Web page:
Social media: Whose job is it anyway?

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It should come as no surprise to readers of this article that a seismic shift in the way consumers interact with media has turned the marketing world upside down (if this is a surprise to you, give me a call. You can come to my apartment and I will turn you upside down so you can see this new world like the rest of us). It is no longer acceptable for media and marketing professionals to create content that is just for consumption, with no entry point for interaction.

Let me reiterate: No option for interaction is unacceptable!

While I do not have scientific proof of this fact, I submit that our brains have been altered to the degree that, when we see media, our instincts tell us to interact with it. Our bodies and minds have adapted to this new world of media. It is my belief that we now have a new disposition towards the mediated world; one that empowers us to feel as though we not only have the ability, but the right to participate.

Let me reiterate: We have the right to participate!

Whether or not content creators have provisioned a course of action that allows consumers to interact with the media they have created, consumers will interact with it. Whether it is through search engines, mobile devices, or any other extension of ourselves (see McLuhan's Understanding Media: Extensions of Man), it is imperative for all content creators operating in the 21st century to realize that media, as an extension of who we are, will become an increasingly active part of our lives, whether you like it or not.

Let me reiterate: We will share it, whether you like it or not!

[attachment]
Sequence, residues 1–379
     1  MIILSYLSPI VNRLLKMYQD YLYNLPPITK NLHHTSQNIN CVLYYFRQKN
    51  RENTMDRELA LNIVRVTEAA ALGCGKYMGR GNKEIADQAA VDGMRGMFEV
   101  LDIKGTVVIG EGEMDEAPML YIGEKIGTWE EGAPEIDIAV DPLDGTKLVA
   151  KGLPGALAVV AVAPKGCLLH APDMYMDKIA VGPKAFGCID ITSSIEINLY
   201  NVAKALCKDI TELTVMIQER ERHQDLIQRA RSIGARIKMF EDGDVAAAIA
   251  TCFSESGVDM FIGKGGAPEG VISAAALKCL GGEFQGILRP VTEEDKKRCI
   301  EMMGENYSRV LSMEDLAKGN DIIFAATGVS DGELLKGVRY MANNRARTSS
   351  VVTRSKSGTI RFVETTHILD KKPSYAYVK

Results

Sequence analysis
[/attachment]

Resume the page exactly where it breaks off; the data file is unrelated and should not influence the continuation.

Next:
Goals and methodology
In light of all that has changed in the world of media, professionals working in the marketing industry must ask the question, "who is responsible for operating marketing initiatives in this new environment?"

Although met with a certain level of disdain, interrupter-at-large Joseph Jaffe kicked this meme into full gear with his piece entitled "Who Owns Social Media." While I am a longtime fan of Jaffe's in-your-face tactics, I decided to take the Beatles' approach and "get by with a little help from my friends."

I decided to create a form and sent it to the following thought leaders, who represent different types of agencies:

David Berkowitz, director of emerging media & client strategy at 360i.
Shiv Singh, vice president, social media & global strategic initiatives at Razorfish.
Rick Liebling, global director, account management at Taylor.
Michael Lazerow, founder, chairman, and CEO at Buddy Media.
Christine Perkett, founder and CEO at PerkettPR
Shel Holtz, principal at Holtz Communication + Technology.

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